There is a chapter about Quantum Resonance that puts forth a new physics paradigm whereby space, as the akashic field, is seen as more real than what is in it or passes through it. The analogy given is that the sea is real but the waves are less so – just passing through. Waves travel across the sea but the water does not so the motion of waves is an illusion, not what it appears to be. Similarly, all things are part of the matrix of space. Thus, all things are inseparable from the matrix of space and their separation is an illusion. This akashic paradigm sees the world as a whole. It is a holistic view whereby all things are connected and related into a coherent whole. Quantum nonlocality strongly suggests this coherence, which can be seen as a fine-tuning. The authors think that recognizing our inseparability and coherence is paramount to our solving of world problems:

“Incoherence in a system is unsustainable. It is at the root of the unsustainability of the human world in our time.”

Maintaining such coherence on the human level, where it often becomes temporarily unbalanced, calls for widespread cooperation and collaboration. Systems that are coordinated and finely tuned, ie. coherent, are the most successful. The authors argue that the idea of coherence is fundamental to systems. It can be argued quite convincingly through systems theory that we are not merely individuals. We are also one with our species, the biosphere, and the cosmos.

The authors think that of necessity the future will become more local. Local collectives and co-operatives centered around basic resources like food and energy will become the norm. Local self-dependency will become more important. Greater connectivity is predicted and the need to collaborate will trump the need to compete. A more participatory consciousness due to our online social connectivity will lead to more egalitarian and less centralized social structures. Modern social media is decentralized. They predict empathy as a future core value of social life that is now emerging. Sharing of online content is vast and intricate as we are connected in so many ways. The internet model is horizontal and distributed, and non-hierarchical. The authors point to the democratization of information and communication. Transparency and whistle-blowing make the unfairness of old models more apparent. The new model is based on shared interest rather than self-interest. Throughout this book the authors emphasize the crucial importance of this decade to 2020 in determining our new future.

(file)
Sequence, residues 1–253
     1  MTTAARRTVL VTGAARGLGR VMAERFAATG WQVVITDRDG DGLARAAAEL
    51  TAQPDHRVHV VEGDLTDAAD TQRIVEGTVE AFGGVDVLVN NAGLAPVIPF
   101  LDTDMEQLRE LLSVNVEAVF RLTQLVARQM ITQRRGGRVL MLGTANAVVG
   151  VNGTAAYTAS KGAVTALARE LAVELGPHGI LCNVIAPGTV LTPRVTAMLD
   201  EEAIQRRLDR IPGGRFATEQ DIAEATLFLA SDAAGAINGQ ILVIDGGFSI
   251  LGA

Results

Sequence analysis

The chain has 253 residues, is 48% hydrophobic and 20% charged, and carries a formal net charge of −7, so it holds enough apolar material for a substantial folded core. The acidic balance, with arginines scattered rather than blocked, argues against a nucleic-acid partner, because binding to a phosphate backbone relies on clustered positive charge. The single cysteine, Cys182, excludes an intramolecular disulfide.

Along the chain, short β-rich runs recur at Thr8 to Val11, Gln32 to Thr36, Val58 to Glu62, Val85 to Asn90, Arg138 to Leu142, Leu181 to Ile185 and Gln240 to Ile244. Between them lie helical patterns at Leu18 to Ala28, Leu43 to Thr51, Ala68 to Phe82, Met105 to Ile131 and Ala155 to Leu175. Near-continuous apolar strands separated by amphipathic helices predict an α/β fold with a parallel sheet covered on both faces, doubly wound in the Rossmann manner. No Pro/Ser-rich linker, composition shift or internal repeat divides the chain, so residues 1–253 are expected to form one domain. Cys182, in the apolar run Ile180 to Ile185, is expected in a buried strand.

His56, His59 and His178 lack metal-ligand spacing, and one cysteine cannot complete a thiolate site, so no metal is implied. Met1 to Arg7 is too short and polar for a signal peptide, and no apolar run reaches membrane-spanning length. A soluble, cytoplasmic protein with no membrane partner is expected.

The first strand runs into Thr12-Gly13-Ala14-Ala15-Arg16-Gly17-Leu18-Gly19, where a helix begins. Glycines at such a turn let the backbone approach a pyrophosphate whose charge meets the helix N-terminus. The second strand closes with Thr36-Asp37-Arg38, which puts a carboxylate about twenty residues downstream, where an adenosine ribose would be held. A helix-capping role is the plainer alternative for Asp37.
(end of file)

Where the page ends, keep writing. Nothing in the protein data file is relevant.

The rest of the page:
New ‘Akashic’ models are explored. Regional federations of countries are becoming the norm and initiating projects so that democratic multi-country projects are happening. Economies may become more distributed with participatory capitalism replacing ‘big player’ capitalism. Collaborative funding helps some projects get going, so-far mostly in the arts and creative product realms. This is a more localized, distributed form of venture capitalism. New and local currencies are explored. I am a bit skeptical so far after the recent Bit Coin fiascos. Socially responsible entrepreneurs have initiated some useful projects and hopefully that trend will continue. Philanthropy seems to be in a conflict state where some want to prop up the old models and others want to build new ones. There is much waste along these ideological lines. Those who subsidize sustainable practices also subsidize the future. Fossil fuels will become gradually less profitable and renewables will become gradually more profitable until parity is achieved and then renewables will really take off. Efficient utilization of all energy sources is required now. Distributed energy sources will be a part of that efficiency as localizing energy where it is needed cuts losses through transmission. Smart grids and demand response will also increase efficiency. These investments will pay off, even now. There is great potential in Africa and in developing countries, to build localized renewable energy projects. New educational models are explored. Online learning favors more interaction and diversity in some respects. Apparently, there are actually several on-line universities, some free. This accords with the authors’ idea of a model of distributed peer-to-peer learning. This is a bit different than traditional teacher-student models where one relies solely on the authority, the teacher. Education should also become more transdisciplinary, rather than focusing on single disciplines.